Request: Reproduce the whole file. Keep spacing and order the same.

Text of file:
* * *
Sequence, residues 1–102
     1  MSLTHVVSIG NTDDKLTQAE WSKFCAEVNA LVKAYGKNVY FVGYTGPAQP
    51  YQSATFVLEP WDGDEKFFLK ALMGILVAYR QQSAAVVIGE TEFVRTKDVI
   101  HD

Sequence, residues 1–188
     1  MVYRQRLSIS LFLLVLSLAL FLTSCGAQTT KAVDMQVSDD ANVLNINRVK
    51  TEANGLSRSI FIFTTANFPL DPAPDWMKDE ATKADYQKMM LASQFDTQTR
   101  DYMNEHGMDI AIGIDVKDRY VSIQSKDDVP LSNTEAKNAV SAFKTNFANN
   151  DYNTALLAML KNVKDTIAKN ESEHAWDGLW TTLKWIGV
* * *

Sequence, residues 1–102
     1  MSLTHVVSIG NTDDKLTQAE WSKFCAEVNA LVKAYGKNVY FVGYTGPAQP
    51  YQSATFVLEP WDGDEKFFLK ALMGILVAYR QQSAAVVIGE TEFVRTKDVI
   101  HD

Sequence, residues 1–188
     1  MVYRQRLSIS LFLLVLSLAL FLTSCGAQTT KAVDMQVSDD ANVLNINRVK
    51  TEANGLSRSI FIFTTANFPL DPAPDWMKDE ATKADYQKMM LASQFDTQTR
   101  DYMNEHGMDI AIGIDVKDRY VSIQSKDDVP LSNTEAKNAV SAFKTNFANN
   151  DYNTALLAML KNVKDTIAKN ESEHAWDGLW TTLKWIGV